Diagnostic Sampling Tips
- samples from euthanized animals showing signs of disease
- animal not treated with antibiotics
- sample from multiple animals when possible
- send organs intact when possible
- well packaged samples with ice packs and rapid transport to lab
Obtain samples from untreated and euthanized animals showing signs of disease. Sampling from multiple animals, perhaps on more than one occasion is particularly important if an autogenous biologic is being considered to ensure that all of the causative pathogen serotypes are identified.
Isolating the "Suicides” ( H. parasuis, S. suis & A. suis ) and App
- For these organisms we have had very good luck with lung and heart tissue. Sending the lungs and heart intact (& even lung/heart combination no separation of the organs needed, leaving the pericardial sac in place) is helpful as it minimizes the invasion of contaminating organisms into the tissue.
- Spleen and liver tissue may also generate good results. Again send the whole organ or a large piece when possible.
- Joint and brain/spinal swabs can be valuable samples for S. suis and H. parasuis (note we do not accept brain tissue).
- Swine influenza can be isolated from fresh lung tissue, trachea and nasal swabs in viral transport media. Virus isolation, subtyping and viral sequencing may be useful in the development of an autogenous vaccine.
- When E. coli is suspected as the causative agent, we suggest rectal swabs in carrier media from untreated, scouring animals.
- If Salmonella is a likely agent, please note on the submission form that you would like the samples screened for Salmonella since an enrichment procedure increases chances of isolating this organism. However, even when Salmonella isolation is not specifically requested, we will investigate any suspicious colonies seen on the primary isolation plates.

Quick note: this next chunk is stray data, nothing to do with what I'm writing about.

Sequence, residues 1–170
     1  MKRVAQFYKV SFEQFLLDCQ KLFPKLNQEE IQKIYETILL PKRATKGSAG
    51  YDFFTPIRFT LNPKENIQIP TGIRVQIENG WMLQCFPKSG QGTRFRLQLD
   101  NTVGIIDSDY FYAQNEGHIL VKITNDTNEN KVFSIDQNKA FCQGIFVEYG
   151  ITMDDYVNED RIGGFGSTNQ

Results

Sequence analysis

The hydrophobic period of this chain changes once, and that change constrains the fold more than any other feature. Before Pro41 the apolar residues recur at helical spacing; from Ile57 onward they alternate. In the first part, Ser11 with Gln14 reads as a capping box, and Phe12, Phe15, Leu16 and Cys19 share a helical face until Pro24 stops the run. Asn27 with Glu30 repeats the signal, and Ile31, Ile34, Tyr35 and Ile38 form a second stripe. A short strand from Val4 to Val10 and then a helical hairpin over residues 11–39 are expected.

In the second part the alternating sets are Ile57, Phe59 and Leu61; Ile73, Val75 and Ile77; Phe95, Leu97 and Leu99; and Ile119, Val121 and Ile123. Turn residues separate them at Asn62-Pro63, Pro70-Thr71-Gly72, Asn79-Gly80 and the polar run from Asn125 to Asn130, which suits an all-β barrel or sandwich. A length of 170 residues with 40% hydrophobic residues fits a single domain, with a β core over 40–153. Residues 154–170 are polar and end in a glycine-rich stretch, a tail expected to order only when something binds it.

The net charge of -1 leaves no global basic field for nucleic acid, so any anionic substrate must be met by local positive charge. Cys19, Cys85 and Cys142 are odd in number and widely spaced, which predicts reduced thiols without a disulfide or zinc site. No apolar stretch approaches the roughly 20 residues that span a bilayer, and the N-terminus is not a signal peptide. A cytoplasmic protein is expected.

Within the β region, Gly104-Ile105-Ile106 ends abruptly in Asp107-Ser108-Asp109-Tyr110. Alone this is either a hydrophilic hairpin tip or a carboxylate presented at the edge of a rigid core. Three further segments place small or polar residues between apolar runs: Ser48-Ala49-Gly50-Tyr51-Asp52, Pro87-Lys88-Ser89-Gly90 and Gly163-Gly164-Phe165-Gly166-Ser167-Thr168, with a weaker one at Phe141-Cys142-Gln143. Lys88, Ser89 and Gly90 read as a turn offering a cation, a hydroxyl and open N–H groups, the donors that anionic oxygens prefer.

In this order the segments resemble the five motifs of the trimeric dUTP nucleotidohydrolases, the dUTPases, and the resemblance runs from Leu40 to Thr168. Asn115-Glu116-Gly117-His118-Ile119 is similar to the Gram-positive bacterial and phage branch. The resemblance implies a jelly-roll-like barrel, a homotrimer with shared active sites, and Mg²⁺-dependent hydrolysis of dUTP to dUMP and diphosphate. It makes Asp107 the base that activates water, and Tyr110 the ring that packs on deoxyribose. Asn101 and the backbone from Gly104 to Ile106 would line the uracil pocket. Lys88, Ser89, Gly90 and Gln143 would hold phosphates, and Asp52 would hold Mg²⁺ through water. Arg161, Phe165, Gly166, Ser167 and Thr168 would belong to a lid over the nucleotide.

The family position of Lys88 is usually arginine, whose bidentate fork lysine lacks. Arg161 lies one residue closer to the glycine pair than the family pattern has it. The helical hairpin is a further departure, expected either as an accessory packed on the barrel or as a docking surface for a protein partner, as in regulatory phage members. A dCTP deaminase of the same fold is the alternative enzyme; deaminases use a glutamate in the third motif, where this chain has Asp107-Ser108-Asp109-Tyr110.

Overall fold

- If clinical symptoms suggest Clostridium perfringens or C. difficle , gut sections may be submitted. Again, please note on the submission form that you would like the samples screened for Clostridium as well as E. coli and we will culture the samples anaerobically as well as aerobically. Specify C. difficle if suspected as this organism requires special enrichment to isolate.
We suggest double bagging all tissue samples in sealed plastic bags and sending them by overnight courier on ice packs in a rigid box – not a courier bag since these get squashed in shipment and tend to leak. Each tissue sample should be individually bagged to avoid cross-contamination. The tissues may be sent freshly sampled or frozen. During hot weather, freezing the tissue solid and then packing on ice packs may be the best solution. Rectal swabs should also be sent by overnight courier, inclusion of an ice pack helps to preserve the sample. Swabs should always be sent promptly after sampling, not frozen. Unfortunately, we must reject tissue samples which come in leaking packages or which have been in transit for greater than 2 days since these conditions rarely generate acceptable diagnostic results.